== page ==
New research in the Journal of Homosexuality seeks to determine if there is a relationship between dark personality traits and negative attitudes toward those in the LBGTQ+ community. The findings reveal that those high in Machiavellianism, grandiose narcissism and psychopathy personality traits were likelier to hold homonegative and transnegative views. These results provide insight into the origins of homonegative and transnegative views and the people who hold them.
The FBI reported that in 2019, there were 1619 hate crimes related to the victim’s perceived membership in the LGBTQ+ community. Hate crimes and associated harassment are life-threatening for those in marginalized groups and disrupt feelings of safety and connections in communities. Identifying who is most likely to commit hate crimes and why may give clinicians meaningful insights that can be used to address risk factors for hate.
University of Oregon doctoral students Cameron Kay and Sarah Dimakis divided the study into two parts. Study 1 utilized 1032 undergraduate students from a large Oregon university. This study intended to explore the relationship between the dark traits of Machiavellianism, grandiose narcissism, and psychopathy and their associations with traditional and modern homonegativity, transnegativity, and gender bashing.
Modern homonegativity was defined as “homonegativity that is rooted in the belief that discrimination against gay people doesn’t exist and gay people are too outspoken about their sexual orientations.” Participants took assessments of dark personality types, homo and transnegativity, and a measure of their moral foundations.
The results from Study 1 revealed there is a strong relationship between Machiavellianism, psychopathy, and traditional and modern homonegativity, transnegativity, and gender bashing. Narcissism had similar results but was less associated with traditional homonegativity. Those high in Machiavellianism were less likely to believe morality should be addressed at an individual level. Psychopathy was mildly oriented toward binding moral foundations, while grandiose narcissism had a stronger relationship with this component.
The sample from study 1 was primarily composed of college students, a group that tends to have more liberal perspectives. Study 2 replicated the work of study 1 but with a sample recruited using Amazon’s Mechanical Turk crowdsourcing platform. Utilizing this method, 267 participants were assessed exactly as those in Study 1.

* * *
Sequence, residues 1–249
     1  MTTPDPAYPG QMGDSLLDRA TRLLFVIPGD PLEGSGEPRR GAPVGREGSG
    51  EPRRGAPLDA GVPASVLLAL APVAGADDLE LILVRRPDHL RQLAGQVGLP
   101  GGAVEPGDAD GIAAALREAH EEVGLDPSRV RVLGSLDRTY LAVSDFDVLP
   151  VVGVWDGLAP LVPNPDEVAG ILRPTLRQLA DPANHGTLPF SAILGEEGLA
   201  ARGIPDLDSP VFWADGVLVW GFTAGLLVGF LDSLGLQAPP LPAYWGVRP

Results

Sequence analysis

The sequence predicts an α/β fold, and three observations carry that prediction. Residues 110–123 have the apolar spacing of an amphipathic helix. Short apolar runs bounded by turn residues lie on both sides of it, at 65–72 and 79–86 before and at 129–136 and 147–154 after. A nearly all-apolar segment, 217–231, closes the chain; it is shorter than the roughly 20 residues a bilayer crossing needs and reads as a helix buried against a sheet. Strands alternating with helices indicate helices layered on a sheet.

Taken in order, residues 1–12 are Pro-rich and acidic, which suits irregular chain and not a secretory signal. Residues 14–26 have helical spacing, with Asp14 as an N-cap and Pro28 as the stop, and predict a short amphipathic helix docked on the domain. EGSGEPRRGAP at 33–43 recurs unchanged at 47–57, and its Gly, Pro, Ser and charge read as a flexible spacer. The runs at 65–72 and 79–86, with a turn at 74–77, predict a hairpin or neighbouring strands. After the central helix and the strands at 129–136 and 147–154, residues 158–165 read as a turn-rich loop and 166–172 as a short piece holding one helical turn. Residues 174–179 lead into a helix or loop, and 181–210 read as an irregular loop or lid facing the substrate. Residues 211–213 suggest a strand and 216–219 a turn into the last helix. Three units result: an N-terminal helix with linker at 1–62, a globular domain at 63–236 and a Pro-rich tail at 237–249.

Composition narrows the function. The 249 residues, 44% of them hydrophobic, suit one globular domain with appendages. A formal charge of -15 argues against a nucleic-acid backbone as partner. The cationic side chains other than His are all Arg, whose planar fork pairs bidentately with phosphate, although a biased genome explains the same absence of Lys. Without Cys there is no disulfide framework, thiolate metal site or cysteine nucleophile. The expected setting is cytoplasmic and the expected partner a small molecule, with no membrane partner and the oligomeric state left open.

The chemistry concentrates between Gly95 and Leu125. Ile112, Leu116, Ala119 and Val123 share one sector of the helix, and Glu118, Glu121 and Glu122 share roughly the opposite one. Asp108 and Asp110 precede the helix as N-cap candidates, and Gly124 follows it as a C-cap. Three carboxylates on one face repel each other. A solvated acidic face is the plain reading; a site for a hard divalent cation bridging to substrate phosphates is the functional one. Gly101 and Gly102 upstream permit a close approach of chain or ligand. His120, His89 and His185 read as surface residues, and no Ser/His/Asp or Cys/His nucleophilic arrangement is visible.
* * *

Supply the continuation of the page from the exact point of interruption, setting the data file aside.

The results reflected the findings from study 1 except in two areas. First, those participants with traits identified as grandiose narcissism were much more likely than the university sample in study 1 to report high rates of traditional homonegativity and gender-bashing.
Those scoring high in Machiavellianism were less likely to feel morality should reflect how we care for and pursue justice for individuals. When narcissistic personality traits were present, individuals were more likely to feel strongly about “binding moral foundations,” or morality that requires adherence to authority and loyalty.
These studies support the hypothesis that those with dark personality traits, specifically Machiavellianism, grandiose narcissism, and psychopathy, are more likely to harbor homonegative and transnegative feelings. For those with Machiavellianism, the origin of this may be due to their inability to care for others as individuals. Those with psychopathy and narcissism traits are likely inflexible when thinking about moral standards for others.
Perceiving morality as a binding and limiting societal contract may be a tool those with narcissism and psychopathic traits use to easily categorize human behavior and avoid acknowledging their inability to generate concern for others.
There were limitations to the study, including that both samples lacked diversity as compared to the world population. Investigating these questions using participants from various cultural and economic circumstances may yield different results. Additionally, while the study examined the moral foundations of homonegativity and transnegativity, other motivators could further illuminate the origins of hate.
Despite these limitations, the research contributes to understanding who may be at risk for developing homonegative and transnegative feelings and opinions.
The study, “Moral foundations partially explain the associations of Machiavellianism, grandiose narcissism, and psychopathy with homonegativity and transnegativity”, was authored by Cameron Kay and Sarah Dimakis